All the Larsson/Gowans musicals were released on vinyl albums and latterly cassette tapes. After his retirement as General of the Salvation Army, John decided to record instrumental versions of the musicals and these are currently being released on a series of CDs. Commented Larsson somewhat ruefully, "The albums introduced me to the challenges and joys of midi recording, with orchestral voices being added to the piano sound - a very bracing and stimulating experience. The first three of these CDs, under the generic title of 'John Larsson Plays', have been released at annual intervals by Salvationist Publishing & Supplies. I am pleased to say that there has been a revival of interest in these musicals and the printed music and scripts of all 10 of them are now available again from Salvationist Publishing & Supplies. Having completed the series of CDs, with the last one being on ice until its release next year, I have moved away from musical projects in order to concentrate all my energies on the writing of books. I am currently working on a book about William and Catherine Booth as parents, a book that will include the biographies of each of their eight children - all of whom (bar one who was handicapped) turned out to be amazing personalities and achievers. The working title of the book is Those Incredible Booths!"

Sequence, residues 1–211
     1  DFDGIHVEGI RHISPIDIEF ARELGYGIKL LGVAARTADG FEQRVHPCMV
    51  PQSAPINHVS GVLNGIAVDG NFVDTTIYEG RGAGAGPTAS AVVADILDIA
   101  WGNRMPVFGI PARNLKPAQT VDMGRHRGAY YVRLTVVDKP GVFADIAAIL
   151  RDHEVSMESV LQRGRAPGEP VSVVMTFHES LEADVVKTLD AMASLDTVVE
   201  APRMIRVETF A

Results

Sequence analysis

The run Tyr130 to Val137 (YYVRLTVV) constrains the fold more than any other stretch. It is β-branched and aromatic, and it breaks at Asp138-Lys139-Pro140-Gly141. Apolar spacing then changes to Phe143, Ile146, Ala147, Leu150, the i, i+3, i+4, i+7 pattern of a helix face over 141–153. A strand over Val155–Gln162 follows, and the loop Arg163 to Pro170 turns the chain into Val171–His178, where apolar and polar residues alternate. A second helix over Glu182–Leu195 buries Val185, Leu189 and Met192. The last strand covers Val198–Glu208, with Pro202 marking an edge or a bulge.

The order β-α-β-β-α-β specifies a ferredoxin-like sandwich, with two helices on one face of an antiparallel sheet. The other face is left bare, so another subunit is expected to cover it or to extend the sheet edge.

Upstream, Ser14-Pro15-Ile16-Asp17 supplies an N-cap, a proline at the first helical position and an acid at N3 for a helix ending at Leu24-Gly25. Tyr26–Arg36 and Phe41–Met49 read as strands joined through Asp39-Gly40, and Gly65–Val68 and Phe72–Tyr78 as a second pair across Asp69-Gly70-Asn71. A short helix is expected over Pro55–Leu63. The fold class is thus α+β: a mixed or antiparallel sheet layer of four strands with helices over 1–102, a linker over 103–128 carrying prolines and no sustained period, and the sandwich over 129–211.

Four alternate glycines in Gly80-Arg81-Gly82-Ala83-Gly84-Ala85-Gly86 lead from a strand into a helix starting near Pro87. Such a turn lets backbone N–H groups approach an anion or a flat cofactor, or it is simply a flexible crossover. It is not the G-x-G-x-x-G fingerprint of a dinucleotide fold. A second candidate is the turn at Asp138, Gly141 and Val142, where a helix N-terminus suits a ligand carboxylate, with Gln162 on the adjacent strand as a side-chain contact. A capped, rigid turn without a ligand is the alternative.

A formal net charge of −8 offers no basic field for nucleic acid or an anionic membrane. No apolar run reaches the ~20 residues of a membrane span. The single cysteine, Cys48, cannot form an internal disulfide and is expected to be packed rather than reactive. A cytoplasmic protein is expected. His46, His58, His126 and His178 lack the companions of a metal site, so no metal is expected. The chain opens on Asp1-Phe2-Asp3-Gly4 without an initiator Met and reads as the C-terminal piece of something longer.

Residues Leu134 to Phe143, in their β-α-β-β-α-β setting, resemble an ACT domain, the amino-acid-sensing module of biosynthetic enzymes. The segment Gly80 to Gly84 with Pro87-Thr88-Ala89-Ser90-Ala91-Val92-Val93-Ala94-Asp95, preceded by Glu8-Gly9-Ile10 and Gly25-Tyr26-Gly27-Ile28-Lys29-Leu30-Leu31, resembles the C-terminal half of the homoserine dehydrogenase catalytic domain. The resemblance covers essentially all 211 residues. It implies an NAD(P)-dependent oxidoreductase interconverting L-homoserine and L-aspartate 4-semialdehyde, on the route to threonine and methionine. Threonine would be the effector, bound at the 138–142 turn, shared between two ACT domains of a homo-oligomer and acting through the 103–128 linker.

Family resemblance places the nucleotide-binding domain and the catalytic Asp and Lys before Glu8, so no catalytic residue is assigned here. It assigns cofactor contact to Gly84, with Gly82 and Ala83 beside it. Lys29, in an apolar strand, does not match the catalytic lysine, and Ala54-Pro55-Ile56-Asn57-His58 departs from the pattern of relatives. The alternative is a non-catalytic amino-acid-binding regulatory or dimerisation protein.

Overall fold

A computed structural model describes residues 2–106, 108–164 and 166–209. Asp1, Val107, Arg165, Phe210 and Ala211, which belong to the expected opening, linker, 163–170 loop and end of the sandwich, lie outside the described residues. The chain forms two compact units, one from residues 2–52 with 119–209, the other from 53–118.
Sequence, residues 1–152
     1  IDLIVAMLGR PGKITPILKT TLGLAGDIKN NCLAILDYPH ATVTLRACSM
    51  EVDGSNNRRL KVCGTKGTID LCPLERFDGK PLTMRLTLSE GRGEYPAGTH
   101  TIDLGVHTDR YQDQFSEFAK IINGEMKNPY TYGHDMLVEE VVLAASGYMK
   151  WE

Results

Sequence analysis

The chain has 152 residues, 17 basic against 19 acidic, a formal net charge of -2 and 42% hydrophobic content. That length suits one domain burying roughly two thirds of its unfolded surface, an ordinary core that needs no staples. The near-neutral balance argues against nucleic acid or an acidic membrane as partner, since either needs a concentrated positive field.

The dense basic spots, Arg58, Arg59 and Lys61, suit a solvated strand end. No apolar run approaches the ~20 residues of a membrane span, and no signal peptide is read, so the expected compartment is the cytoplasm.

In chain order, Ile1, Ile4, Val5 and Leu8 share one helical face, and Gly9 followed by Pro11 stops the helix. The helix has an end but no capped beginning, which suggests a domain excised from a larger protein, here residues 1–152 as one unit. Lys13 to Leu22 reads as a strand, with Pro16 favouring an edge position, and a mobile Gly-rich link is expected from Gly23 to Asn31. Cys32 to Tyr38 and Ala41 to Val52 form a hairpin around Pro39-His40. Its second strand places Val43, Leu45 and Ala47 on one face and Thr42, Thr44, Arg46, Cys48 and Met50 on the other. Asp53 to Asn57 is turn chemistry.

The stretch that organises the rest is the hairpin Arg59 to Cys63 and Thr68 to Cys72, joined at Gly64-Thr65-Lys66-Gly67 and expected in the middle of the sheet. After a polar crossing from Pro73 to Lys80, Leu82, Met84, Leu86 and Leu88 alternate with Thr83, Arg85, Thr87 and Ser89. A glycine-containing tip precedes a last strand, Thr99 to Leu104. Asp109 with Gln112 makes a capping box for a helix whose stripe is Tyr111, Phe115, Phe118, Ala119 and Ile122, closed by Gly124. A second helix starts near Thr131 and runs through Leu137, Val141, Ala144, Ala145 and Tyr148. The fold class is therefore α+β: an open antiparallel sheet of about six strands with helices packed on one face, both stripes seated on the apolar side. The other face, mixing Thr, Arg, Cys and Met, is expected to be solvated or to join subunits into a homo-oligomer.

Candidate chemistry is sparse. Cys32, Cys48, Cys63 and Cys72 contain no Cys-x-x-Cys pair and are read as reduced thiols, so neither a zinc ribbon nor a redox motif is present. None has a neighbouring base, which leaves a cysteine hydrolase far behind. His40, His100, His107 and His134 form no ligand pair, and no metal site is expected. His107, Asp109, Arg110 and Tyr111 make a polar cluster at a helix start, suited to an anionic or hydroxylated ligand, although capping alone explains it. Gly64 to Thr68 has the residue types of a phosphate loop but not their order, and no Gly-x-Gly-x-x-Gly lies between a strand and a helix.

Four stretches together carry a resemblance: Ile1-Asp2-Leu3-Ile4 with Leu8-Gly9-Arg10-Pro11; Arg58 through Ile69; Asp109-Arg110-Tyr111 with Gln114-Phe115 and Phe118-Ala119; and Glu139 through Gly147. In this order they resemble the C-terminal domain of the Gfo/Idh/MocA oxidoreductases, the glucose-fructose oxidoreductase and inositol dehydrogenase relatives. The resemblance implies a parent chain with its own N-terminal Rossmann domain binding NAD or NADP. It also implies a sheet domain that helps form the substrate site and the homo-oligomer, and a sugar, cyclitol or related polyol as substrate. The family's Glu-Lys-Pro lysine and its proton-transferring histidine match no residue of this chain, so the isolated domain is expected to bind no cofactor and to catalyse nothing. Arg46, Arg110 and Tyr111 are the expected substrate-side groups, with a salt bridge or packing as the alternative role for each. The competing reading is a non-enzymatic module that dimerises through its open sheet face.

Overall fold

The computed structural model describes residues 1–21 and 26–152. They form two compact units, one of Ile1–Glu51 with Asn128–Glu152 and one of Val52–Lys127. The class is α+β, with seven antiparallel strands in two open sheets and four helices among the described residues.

So how did Larsson and Gowans feel about being referred to as the Salvationist equivalent of Andrew Lloyd Webber and Tim Rice? Said Larsson, "No greater compliment could be paid. Speaking as the musician in our partnership, what I most admire about Andrew Lloyd Webber is his gift for melody. He has written some hauntingly beautiful tunes - and this is the aspect of music-making that I have most wanted to develop in my own compositions. I think John Gowans and I were meant to be co-writers, for his lyrics almost invariably spark off melodies in my mind, often more than one to the same set of words! In fact, when we first started collaborating I would write down all the various melodies that came to me for some particular lyrics - but I then found it almost impossible to have to select only one of those melodies to live on! It was like selecting only one child to live and was so painful that I decided that, as a general rule, whatever tune came first was going to be it!"The opinions expressed in this article are not necessarily those held by Cross Rhythms. Any expressed views were accurate at the time of publishing but may or may not reflect the views of the individuals concerned at a later date.